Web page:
It is a striking feature of the many of the developing country public service sectors that the sectors in question often overproduce the quantity of services but underproduce the quality. This feature, which is exemplified in this paper, is rooted in a wide spectrum of economic and sociological factors ranging from the economic and sociological profile of the service receiving people to the asymmetric density of service-receiving population across their regions. This feature, we conjecture, is a source of a considerable degree of suboptimality in some of the developing countries. If our conjecture is correct, correcting such suboptimalities is likely to yield significant welfare improvements that could help speed up the process of development in the underdeveloped regions of the world. To analyze the supoopimalites in question, we will first develop a concept (and a model) of optimal quality in the public service sector, which indicates the level of quality that maximizes expected public satisfaction subject to available resources. Resources are used in an efficient manner to produce the service in question. The concept and the model in the paper make a needed contribution to the quality discourse by presenting a way of determining the quality improvements (or adjustments) necessary to achieve optimum in the public service sector. The paper presents an application (a case study) of this new concept in the public healthcare sector in Turkey, and explores the differences between the actual and optimal quality in the sector in question. It turns out that there is a considerable difference between the actual and optimal levels of quality (as well as those of quantity) in the Turkish public healthcare sector in an overpopulated city (Istanbul), indicating a significant overproduction of quantity and underproduction of quality. Thus, to achieve the optimal levels, the sector should increase quality and reduce quantity by a considerable margin. The quantified differences (gaps) between actual and optimal levels point out a considerable room for welfare improvement. Optimum-seeking adjustments closing these gaps could be shown to lead to considerable satisfaction and welfare gains, the measurement of which is worthy of future research.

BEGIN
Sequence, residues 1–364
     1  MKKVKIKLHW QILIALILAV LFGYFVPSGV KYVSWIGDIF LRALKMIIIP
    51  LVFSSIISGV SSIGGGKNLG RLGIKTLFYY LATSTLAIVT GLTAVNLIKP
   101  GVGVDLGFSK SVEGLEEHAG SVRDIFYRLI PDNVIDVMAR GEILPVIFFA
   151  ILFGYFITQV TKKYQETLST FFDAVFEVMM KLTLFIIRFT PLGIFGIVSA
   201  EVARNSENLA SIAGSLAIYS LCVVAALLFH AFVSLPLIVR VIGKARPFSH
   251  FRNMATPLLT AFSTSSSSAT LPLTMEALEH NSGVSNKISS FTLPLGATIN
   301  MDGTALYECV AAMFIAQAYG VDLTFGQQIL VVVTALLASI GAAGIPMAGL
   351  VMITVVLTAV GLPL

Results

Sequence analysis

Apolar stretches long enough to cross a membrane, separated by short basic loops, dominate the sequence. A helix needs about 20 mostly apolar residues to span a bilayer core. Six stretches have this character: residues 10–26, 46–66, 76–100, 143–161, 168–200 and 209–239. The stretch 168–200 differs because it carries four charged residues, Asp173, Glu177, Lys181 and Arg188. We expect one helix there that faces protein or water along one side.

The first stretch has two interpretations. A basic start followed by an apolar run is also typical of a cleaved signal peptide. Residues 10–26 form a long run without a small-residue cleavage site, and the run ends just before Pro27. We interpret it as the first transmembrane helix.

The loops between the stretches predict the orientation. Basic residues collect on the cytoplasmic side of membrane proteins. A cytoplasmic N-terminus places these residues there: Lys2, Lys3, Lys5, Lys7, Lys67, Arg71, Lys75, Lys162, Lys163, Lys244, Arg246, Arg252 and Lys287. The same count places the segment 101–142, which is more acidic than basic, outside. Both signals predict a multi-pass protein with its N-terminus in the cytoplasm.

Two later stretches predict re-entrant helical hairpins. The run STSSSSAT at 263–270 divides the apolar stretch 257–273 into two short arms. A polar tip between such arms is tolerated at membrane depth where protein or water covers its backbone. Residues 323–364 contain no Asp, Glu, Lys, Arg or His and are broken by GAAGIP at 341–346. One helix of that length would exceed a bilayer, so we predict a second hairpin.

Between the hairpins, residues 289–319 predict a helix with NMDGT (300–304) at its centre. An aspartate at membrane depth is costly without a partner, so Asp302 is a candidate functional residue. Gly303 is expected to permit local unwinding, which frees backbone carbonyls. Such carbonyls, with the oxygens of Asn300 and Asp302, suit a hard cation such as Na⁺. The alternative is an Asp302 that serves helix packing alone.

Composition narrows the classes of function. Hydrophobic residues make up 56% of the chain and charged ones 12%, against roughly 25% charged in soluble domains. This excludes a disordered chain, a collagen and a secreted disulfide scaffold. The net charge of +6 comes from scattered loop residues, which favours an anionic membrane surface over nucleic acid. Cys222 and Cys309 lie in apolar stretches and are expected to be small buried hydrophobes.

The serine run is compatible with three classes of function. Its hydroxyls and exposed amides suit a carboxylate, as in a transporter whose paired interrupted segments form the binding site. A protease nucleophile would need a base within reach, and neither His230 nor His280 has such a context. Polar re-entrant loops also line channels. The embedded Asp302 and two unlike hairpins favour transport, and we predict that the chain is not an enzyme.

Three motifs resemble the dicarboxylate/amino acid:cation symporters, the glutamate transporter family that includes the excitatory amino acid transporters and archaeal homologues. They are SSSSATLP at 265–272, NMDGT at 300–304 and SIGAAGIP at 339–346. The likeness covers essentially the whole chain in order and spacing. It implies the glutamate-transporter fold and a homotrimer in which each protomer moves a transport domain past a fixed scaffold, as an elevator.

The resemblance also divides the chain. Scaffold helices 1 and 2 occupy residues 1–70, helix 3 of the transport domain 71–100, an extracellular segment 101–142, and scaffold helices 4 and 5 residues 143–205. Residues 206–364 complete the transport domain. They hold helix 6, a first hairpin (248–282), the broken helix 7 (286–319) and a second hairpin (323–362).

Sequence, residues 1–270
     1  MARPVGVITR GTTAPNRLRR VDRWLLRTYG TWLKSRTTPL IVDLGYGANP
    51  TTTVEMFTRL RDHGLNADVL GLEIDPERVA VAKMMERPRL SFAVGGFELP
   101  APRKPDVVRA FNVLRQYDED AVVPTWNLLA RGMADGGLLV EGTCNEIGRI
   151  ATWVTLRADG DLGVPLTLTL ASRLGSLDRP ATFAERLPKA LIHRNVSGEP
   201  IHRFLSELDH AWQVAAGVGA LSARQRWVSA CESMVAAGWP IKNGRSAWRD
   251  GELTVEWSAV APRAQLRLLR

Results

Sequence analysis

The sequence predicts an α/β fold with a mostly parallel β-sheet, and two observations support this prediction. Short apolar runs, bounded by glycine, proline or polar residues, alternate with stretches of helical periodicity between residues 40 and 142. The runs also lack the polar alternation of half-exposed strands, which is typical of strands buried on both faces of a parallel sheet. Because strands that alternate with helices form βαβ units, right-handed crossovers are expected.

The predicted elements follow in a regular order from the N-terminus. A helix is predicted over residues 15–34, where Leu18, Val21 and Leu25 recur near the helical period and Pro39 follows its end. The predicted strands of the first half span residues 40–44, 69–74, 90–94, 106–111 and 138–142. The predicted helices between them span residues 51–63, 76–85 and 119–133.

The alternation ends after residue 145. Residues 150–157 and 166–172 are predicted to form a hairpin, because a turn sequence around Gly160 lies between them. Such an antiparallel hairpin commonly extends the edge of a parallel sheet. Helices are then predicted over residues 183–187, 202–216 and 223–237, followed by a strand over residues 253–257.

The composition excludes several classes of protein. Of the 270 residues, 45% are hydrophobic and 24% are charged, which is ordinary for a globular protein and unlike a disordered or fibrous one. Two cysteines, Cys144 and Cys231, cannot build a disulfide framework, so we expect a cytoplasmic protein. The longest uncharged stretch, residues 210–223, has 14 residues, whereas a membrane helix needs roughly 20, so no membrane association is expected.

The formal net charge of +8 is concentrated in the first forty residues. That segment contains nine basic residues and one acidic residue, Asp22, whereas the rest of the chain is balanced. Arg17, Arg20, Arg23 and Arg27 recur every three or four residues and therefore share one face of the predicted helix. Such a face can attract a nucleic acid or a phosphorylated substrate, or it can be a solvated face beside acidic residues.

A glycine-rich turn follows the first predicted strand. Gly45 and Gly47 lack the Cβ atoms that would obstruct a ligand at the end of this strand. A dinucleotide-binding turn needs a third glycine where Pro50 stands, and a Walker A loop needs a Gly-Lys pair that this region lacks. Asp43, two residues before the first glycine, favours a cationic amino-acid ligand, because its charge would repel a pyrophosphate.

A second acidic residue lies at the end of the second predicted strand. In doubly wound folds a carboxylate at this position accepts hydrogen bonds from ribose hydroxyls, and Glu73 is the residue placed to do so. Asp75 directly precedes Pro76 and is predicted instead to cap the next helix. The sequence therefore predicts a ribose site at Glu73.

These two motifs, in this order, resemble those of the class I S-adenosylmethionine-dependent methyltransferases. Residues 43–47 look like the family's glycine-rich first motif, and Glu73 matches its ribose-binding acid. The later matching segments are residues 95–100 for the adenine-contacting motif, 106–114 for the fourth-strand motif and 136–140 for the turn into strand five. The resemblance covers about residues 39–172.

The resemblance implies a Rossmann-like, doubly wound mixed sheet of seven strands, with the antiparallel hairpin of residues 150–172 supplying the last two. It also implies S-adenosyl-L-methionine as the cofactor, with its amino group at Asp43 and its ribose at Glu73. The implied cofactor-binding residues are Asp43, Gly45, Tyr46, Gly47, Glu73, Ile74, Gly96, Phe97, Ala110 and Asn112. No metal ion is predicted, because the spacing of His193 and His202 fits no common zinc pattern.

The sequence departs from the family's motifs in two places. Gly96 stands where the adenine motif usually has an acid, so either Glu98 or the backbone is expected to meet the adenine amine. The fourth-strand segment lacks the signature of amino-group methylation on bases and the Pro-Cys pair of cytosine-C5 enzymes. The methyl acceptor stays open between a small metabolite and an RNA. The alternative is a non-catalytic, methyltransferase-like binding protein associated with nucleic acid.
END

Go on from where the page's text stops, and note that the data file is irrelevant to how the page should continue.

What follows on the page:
Quality & Quantity – Springer Journals
Published: Apr 3, 2007
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